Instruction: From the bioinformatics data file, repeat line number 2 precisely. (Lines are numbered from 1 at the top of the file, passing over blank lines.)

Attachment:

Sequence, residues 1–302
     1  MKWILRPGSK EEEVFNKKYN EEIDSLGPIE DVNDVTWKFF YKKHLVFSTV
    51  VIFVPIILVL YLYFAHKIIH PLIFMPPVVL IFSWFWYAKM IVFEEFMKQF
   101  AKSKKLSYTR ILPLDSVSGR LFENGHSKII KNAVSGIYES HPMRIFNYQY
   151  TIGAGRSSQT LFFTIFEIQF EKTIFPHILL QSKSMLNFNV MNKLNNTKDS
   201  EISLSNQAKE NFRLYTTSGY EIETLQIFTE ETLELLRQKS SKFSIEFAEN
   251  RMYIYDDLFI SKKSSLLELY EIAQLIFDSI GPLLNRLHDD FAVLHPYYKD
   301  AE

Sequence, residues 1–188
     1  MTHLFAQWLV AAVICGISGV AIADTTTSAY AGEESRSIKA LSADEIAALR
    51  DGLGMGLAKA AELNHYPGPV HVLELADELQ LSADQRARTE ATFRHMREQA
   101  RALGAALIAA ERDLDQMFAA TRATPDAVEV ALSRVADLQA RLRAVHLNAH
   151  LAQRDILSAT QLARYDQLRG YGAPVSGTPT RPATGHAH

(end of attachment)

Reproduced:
     1  MKWILRPGSK EEEVFNKKYN EEIDSLGPIE DVNDVTWKFF YKKHLVFSTV